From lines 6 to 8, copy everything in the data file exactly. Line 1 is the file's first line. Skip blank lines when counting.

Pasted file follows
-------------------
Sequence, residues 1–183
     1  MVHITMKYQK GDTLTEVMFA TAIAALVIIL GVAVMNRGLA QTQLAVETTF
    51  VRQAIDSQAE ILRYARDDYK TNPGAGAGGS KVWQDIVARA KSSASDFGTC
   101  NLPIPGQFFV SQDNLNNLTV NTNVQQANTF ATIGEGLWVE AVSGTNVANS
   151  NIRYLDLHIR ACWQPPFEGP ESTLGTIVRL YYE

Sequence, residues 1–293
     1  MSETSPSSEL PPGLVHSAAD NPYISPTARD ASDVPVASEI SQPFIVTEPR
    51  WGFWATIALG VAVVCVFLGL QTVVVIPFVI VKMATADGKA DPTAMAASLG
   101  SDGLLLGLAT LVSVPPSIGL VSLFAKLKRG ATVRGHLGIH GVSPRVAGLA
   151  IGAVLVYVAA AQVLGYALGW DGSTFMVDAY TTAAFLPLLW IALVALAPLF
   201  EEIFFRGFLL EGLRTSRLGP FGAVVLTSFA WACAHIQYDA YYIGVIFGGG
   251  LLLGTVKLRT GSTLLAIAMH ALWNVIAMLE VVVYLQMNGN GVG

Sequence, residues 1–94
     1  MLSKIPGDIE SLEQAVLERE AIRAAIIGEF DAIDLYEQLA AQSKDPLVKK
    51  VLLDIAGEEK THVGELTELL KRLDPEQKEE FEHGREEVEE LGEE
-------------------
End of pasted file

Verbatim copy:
Sequence, residues 1–293
     1  MSETSPSSEL PPGLVHSAAD NPYISPTARD ASDVPVASEI SQPFIVTEPR
    51  WGFWATIALG VAVVCVFLGL QTVVVIPFVI VKMATADGKA DPTAMAASLG